Adding bass extension to a hi-fi system via a subwoofer is all about subtlety. Lee Dunkley is blown away by REL's latest model
Anyone who thinks of themselves as an audiophile may be more than a little dismayed to see a subwoofer review in these pages, but there’s a lot to be gained from integrating a subwoofer into a two-channel hi-fi system that stretches beyond the reach of the majority of traditional loudspeakers. Subwoofers have come a long way in recent times, and with careful integration including a sub in your setup can have benefits on other elements of the sound aside from just extending its low-range performance.
REL has been at the top of the subwoofer game since the Welsh company first appeared on the scene with models back in the nineties. It perfectly positioned itself for the home theatre boom, and the growth of the surround sound speaker market, with a range of dedicated subwoofer models that enabled movie fans to unleash multichannel soundtracks in their home.
The newly designed Serie S2 is part of a new range of models that REL calls Sub-Bass Systems, and has been three years in the making. The S2 is the baby of the new range at £1,000. Looking over the neat styling and flexible design it is easy to appreciate where your money is being spent, and it comes with a three-year warranty on parts and labour. The cabinet is constructed from marine ply for better rigidity and superior bracing, and even the solid billeted piece of aluminium on the top face is said to aid the dispersion of unwanted energy from the cabinet.
Available in gloss piano black and white lacquer finishes, removing the front panel grilles reveals the front-firing 250mm long-throw paper mâché driver that is reinforced with a super alloy plate for greater rigidity. It’s driven by a claimed 250W amplifier built by REL, which it says is designed to perfectly match and give the correct power for the relative size of the S2’s cabinet and drivers. Underneath is a 250mm carbon fibre passive driver, and even the shape and height of the feet are designed to optimise performance.
The controls and connections on the rear panel have been simplified for ease of set up, and if you’re not keen on trailing a cable from your amplifier to the sub there’s a wireless receiver already built in. It uses the company’s own Longbow uncompressed audio system to receive signals up to 15m away from the sending unit – available separately for £200. The sender utilises both high-level and LFE (where applicable), and is a simple pairing device with no need for the use of your home network hub, so although I don’t use the S2 in this way it should be straightforward to connect to an amplifier and set up.
Positioning the S2 correctly in the room is without doubt the most important thing to get right. For optimum performance in my listening room I find it works at its best positioned in the corner of the room, placed in fairly close proximity to a pair of Dynaudio X38 floorstanding loudspeakers, and angled so that it fires diagonally down the length of the room. After some fine tuning using the controls on the back with a broad range of musical styles containing natural low bass, I’m ready to rumble.
REL explains that because of the nature of the driver material it uses, it is necessary to spend some time running the unit in before it reaches optimum performance levels. Each model has already spent several hours being run-in before it is sent out, but REL recommends a few additional hours in situ and some reduction of the gain setting once it has had time to fully warm up.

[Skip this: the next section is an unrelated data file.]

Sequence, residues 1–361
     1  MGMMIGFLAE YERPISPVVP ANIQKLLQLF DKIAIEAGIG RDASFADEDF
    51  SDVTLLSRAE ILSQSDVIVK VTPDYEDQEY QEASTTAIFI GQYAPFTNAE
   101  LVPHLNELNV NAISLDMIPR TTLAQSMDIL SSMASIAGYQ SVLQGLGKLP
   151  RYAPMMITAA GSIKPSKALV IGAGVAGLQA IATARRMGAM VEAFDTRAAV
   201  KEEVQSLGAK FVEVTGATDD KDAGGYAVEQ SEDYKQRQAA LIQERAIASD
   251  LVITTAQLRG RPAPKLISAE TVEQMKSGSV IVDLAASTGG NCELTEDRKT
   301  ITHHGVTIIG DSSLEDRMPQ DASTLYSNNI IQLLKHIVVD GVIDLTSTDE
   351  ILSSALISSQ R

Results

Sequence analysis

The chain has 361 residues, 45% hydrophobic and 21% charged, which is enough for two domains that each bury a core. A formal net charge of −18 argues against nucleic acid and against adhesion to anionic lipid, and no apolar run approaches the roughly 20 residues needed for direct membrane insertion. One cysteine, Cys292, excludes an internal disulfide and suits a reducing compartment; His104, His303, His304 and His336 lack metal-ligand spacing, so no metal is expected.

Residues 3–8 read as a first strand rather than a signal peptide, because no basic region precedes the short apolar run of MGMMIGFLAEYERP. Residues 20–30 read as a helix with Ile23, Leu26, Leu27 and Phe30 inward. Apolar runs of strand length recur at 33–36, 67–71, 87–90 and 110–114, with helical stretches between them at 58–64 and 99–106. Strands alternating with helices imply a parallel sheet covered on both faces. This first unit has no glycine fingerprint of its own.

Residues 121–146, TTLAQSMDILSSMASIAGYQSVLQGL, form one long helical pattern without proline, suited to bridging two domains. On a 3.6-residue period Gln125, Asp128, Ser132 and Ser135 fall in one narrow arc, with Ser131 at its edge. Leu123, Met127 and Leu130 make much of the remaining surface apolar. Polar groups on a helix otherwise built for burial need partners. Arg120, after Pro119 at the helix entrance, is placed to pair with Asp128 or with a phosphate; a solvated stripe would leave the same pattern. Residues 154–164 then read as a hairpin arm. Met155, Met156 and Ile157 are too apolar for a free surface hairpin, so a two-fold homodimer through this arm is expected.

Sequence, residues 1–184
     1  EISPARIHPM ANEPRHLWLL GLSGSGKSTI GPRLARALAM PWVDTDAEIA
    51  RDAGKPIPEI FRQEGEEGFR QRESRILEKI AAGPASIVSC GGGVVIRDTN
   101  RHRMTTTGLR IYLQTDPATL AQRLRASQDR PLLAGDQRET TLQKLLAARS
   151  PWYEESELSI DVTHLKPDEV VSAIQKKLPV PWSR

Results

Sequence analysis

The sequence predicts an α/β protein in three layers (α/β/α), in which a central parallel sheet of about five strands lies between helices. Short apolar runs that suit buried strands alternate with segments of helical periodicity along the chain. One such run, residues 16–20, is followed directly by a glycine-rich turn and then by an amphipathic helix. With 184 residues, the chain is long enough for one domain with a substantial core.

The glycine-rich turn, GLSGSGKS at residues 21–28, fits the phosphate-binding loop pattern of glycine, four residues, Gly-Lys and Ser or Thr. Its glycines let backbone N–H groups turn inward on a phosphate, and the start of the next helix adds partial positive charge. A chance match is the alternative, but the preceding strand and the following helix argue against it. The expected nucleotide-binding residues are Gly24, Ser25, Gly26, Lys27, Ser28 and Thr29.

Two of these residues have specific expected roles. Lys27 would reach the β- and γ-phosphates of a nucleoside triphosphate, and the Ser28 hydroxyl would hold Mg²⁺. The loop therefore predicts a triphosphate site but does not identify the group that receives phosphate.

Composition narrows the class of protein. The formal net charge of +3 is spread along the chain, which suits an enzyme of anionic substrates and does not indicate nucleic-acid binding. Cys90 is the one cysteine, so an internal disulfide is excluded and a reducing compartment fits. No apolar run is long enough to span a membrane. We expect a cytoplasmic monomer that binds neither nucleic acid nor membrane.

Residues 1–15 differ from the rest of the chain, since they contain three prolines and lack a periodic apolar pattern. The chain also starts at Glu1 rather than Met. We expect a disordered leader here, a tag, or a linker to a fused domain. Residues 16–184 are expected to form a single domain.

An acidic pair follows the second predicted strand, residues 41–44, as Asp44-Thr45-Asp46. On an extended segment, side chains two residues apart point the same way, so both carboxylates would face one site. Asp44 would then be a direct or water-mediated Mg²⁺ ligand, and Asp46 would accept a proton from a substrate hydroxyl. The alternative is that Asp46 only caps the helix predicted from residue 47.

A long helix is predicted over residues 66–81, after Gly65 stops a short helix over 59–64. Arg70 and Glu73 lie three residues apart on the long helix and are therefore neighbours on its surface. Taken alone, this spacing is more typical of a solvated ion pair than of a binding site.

The addition of the S2 into my system is a revelation, and instantly results in more drive and energy to the lowest register. It brings a satisfying smile to my face when listening to Jennifer Warnes’ Ballad of The Runaway Horse, giving the impression of a significantly fuller and larger soundstage, while the double bass that underpins the track sounds even more achingly sad than ever, showing the extent of low bass information I’ve been missing out on.
The inclusion of the REL with the Dynaudio floorstanders doesn’t impact on their performance in any negative way whatsoever – it only appears to enhance their capabilities further and draw attention to the perception of the amount of midband detail. Lorde’s Royals is very well extended and will show off the bass capabilities of any loudspeakers, but by adding in the S2 it’s easy to appreciate just how extended the bass line is, showing off the track’s impressive range and highlighting the quality of the recording.
Nowhere is the inclusion of the REL more effective than with high-resolution material. A 24-bit/ 48kHz version of Jean Michel Jarre’s Oxygene demonstrates just how rich and three-dimensional this track can sound, as the REL opens up its impressive scale and soundstage, breathing new life into the recording made in 1976.
The REL S2 merges beautifully into my system, adding a greater sense of scale and depth to tracks I thought I already knew. With some fine tuning, the S2 is effortlessly unobtrusive and impresses anyone that listens with its pace and insightfulness on recordings old and new. It shows off high-res audio to tremendous effect and will compliment any hi-fi system.
LIKE: Impressive musicality; smooth integration; flexibility
DISLIKE: Slightly high price; the wireless transmitter is a £200 add-on
WE SAY: Adds speed and dynamic energy to any system, and is musically engaging
PRODUCT REL Acoustics Serie S2
TYPE Active sub-bass system
DIMENSIONS (WxHxD) 349 x 368 x 426mm
• 250mm long-throw active drive
• 250mm passive radiator
•l Class D amplifier
• Claimed power: 250W
DISTRIBUTOR REL Acoustics Ltd
TELEPHONE 01656 768777
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